The State of Georgia has finally put to death a convicted murderer known as the “stocking strangler” who was convicted for raping and killing older women 40 years ago. The Attorney General’s Office stated that the 67-year-oldwas executed minutes after 10:30 p.m. on Thursday at the state prison in Jackson.
Gary terrorized a Georgia city 40 years ago and has been behind bars since. Why did it take so long for the state to enact the death penalty?
Gary was convicted in 1986 on three counts each of malice murder, rape and burglary– nearly ten years after he committed the crimes. In 1977 Gary raped and murdered 89-year-old Florence Scheible, 69-year-old Martha Thurmond and 74-year-old Kathleen Woodruff. Prosecutors also argued that Gary attacked nine elderly women in the west Georgia city of Columbus from September 1977 to April 1978.
Gary choked the women to death with stockings.
Police arrested Gary six years after his last known murder in May 1984. He became a suspect when a gun stolen during a 1977 burglary in an upscale neighborhood was traced to him.
Prosecutors introduced evidence from all nine attacks and identified a pattern. The victims were all older white women who lived alone. They were all sexually assaulted and choked, usually with stockings. They were all attacked at home, usually in the evening. The attacks occurred via forced entry. All but one of the Georgia victims lived in the Wynnton neighborhood. They all lived close to where Gary lived at the time of the crimes.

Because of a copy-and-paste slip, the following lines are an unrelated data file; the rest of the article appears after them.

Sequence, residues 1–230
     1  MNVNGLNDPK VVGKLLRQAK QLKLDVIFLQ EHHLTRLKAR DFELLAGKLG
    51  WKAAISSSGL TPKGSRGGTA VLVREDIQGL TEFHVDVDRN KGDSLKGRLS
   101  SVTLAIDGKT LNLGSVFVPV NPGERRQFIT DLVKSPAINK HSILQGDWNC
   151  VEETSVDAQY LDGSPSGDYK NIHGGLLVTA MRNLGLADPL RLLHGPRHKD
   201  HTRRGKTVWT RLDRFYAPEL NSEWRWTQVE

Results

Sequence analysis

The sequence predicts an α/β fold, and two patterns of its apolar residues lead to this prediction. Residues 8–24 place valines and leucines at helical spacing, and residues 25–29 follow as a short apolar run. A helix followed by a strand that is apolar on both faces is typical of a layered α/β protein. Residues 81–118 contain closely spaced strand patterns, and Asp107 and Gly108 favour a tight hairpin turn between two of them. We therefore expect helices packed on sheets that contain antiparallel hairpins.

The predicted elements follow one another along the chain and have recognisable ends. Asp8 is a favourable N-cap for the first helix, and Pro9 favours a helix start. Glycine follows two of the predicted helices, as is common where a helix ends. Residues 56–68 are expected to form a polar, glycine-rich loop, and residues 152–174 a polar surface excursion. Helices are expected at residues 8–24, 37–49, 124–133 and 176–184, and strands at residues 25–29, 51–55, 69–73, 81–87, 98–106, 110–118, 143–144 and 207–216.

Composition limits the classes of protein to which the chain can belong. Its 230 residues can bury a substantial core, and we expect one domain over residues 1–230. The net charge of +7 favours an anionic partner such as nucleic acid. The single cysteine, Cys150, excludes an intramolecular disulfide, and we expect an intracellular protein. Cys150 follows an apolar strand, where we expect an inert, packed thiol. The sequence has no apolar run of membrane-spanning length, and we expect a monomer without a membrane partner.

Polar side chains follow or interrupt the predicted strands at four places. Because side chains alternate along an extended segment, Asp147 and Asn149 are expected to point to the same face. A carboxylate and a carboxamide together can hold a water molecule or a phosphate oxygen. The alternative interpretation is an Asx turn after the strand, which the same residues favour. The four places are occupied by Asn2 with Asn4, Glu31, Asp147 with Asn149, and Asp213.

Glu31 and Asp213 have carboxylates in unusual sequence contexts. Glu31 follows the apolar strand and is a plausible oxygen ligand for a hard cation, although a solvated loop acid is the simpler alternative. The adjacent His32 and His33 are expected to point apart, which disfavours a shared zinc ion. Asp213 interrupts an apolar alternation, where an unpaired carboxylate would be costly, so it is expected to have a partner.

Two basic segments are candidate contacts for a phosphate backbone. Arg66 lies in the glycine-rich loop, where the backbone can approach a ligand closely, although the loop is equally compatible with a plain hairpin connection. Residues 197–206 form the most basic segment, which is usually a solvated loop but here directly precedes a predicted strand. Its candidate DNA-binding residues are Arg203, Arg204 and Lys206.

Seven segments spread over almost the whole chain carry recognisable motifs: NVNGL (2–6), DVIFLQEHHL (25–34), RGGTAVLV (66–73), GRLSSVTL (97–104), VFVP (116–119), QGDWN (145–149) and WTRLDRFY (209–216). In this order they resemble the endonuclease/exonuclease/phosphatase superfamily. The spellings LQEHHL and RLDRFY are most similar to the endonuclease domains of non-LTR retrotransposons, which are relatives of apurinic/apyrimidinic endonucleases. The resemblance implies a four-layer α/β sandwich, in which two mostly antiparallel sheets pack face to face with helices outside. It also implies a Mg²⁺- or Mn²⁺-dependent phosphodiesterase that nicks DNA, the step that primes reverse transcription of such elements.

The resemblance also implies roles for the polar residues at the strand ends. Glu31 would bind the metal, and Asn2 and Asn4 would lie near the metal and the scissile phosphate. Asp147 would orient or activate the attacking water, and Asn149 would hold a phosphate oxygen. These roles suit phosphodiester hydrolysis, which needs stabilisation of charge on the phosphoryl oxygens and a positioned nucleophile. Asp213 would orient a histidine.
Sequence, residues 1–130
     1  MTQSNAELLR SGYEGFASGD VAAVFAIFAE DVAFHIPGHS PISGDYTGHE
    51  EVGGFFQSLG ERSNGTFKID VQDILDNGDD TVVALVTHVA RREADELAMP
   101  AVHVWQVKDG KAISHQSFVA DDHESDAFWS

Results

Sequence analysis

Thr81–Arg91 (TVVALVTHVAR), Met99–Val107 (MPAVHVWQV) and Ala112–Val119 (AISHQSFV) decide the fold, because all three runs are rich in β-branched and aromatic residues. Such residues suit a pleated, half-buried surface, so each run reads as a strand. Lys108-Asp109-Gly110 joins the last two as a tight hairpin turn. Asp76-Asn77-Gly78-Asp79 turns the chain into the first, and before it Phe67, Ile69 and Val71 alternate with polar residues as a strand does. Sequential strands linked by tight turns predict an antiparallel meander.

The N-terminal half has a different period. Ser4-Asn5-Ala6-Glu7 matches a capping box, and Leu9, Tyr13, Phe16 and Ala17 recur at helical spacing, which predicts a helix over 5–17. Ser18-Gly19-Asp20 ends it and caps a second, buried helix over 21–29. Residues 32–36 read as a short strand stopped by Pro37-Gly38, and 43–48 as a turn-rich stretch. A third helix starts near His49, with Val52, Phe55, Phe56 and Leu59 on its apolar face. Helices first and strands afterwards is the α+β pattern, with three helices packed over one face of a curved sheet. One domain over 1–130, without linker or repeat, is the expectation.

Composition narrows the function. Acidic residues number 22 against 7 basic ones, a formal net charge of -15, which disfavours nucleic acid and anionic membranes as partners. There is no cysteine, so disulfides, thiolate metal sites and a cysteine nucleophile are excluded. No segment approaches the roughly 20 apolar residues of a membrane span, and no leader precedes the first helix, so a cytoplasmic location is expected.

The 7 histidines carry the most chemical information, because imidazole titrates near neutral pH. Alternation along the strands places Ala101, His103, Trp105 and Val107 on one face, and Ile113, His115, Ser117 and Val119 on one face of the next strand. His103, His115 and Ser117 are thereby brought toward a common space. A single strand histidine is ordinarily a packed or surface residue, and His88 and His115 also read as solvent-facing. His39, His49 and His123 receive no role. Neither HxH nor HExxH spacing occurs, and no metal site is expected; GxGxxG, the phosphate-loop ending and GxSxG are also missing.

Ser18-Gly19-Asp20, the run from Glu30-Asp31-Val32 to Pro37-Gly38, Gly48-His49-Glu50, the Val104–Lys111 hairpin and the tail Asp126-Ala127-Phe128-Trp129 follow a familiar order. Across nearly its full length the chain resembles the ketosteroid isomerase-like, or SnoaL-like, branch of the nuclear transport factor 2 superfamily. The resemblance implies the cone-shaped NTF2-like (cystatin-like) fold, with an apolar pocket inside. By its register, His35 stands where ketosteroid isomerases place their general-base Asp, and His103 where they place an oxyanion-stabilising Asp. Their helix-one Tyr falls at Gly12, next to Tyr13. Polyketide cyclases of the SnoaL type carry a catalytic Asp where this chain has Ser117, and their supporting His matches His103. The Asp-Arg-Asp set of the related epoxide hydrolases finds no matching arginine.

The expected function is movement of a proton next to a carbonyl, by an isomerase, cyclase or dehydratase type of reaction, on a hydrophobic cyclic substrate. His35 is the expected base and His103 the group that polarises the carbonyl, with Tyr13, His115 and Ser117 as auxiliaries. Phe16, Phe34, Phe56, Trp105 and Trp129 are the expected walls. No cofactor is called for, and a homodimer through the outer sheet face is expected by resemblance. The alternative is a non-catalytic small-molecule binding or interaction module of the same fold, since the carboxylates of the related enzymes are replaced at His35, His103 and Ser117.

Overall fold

Despite clemency petitions by Gary’s attorneys, the state countered in court filings that Gary’s convictions and sentence were repeatedly upheld by state and federal courts over the past thirty years. Appeals filed by Gary’s attorneys with state and federal courts to stop the lethal injection were rejected.
The question remains: with all of the evidence presented of a serial killer who murdered and raped women– why did it take 40 years to put him to death? Why does it take four decades for the death penalty to actually be enforced? How is this closer for the families of the victims– to have to wait so long for justice to be served?